In a piece published in the current issue of University Affairs, one of Carleton’s “Contract Instructors”, Timothy Pettipiece, raises some interesting issues about what others are calling the “lost generation” of scholars, particularly in the humanities and social sciences: those who would dearly love to undertake an academic career, and have the qualifications to do so, but are stymied by the sheer lack of full-time tenure-track positions at Canadian universities. A number of his points merit some comment.
The first relates to my previous statement about the absence of jobs. This absence is very real. When I was a junior faculty member in the early 1980s, the monthly issues of University Affairs and the CAUT Bulletin were of considerable thickness, with roughly 50 percent of the pages devoted to ads for full-time faculty positions. Now the few ads that remain in the very much slimmer publications tend to be larger, often occupying full pages, but are primarily for Canada Research Chairs or senior management positions, with only a few rare postings for entry-level tenure-track professorships … and those almost always in the STEM disciplines.
It is not hard to understand why. University budgets are increasingly being squeezed, and most have experienced significant budget cuts over the past decade, with no end in sight. In Ontario, the per capita student grant has not changed in many years, and the only way for institutions to cope with inflation has been to take on increasing numbers of students while at the same time devising ways to teach them at a lower cost. With the demographics suggesting that increasing student numbers can no longer be taken for granted, and indeed we have witnessed an actual decline in applications in Ontario for the current year (particularly in the “arts”) after many years of continued growth, the proverbial you-know-what is about to hit the fan. Other possible solutions – for example, putting all of one’s eggs in the basket of attracting more international students, or borrowing money to fund operations in the hope that there will be more prosperous days ahead – are risky, and more than one university has already come to grief as a result. Simply put, the system that has been in place for many decades is now “broke”, and no one knows how to fix it without spending a lot more money on PSE than the government can afford or that taxpayers are willing to commit. As the Executive Director of OCUFA confided to me about seven years ago: “John, no government will ever get elected by promising to raise taxes to pay for more university professors.” Taxpayers (and students) will of course get the university system that they pay for, and at the moment in Ontario that is a system in which a lot of the teaching is done by part-time faculty: about 25 percent at the undergraduate level in FASS. No university is happy with that situation, but none have any real control over their income. If we charged fees comparable to American or even British institutions, things would be different. But we don’t, and can’t (as governments regulate fees) and there are good reasons for that too.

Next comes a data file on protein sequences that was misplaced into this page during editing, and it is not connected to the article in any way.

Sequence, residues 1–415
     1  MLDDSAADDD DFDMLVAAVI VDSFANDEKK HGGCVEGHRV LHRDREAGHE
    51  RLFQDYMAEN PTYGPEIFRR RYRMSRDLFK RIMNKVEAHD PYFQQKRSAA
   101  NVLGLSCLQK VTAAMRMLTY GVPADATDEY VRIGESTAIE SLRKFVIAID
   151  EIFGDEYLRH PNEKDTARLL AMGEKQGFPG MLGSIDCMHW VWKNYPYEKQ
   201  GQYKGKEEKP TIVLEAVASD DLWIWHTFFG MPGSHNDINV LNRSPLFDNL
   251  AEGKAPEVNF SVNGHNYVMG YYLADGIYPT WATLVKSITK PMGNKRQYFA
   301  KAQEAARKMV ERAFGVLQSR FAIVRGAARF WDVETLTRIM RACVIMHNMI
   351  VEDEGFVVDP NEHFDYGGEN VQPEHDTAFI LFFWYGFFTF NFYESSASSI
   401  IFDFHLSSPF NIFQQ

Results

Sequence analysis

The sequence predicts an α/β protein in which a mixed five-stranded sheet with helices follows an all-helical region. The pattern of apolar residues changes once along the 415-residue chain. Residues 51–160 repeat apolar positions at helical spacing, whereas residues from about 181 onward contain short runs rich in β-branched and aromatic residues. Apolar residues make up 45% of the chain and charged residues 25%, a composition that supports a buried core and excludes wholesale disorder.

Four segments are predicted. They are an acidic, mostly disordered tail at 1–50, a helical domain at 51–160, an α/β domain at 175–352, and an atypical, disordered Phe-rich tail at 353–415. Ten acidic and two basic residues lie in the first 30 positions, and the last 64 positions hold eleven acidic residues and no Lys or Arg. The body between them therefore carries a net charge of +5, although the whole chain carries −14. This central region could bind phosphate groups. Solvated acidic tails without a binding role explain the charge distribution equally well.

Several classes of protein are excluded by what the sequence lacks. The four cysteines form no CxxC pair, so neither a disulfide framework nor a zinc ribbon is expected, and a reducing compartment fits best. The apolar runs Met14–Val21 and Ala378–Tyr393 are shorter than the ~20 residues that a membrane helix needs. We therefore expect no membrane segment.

The only alternative to increasing income is decreasing cost, and that means asking full-time faculty either to take salary cuts (not very practical in a unionized environment, although I know at least one faculty member who is advocating this), or to teach more classes (but the trend is markedly in the other direction), or else to have more courses taught by those who are paid at marginal rates only to teach, and who are not offered much in the way of benefits or job security. I am reliably informed that the long-term cost of hiring a tenure-track faculty member in an age when no one can ever be required to retire is roughly $4M. That’s a big commitment for institutions which themselves are offered no medium- or long-term security with regard to their funding.
So, yes, it is indeed a very different world from 30-40 years ago, and in some respects not a better one if you are a graduate student just completing a doctorate and looking for an academic job. More on this next week, and I’ll also comment on Dr. Pettipiece’s thoughts regarding the behavior of hiring committees, much of which I happen to agree with.
John Osborne is dean of Carleton University’s faculty of arts and social sciences.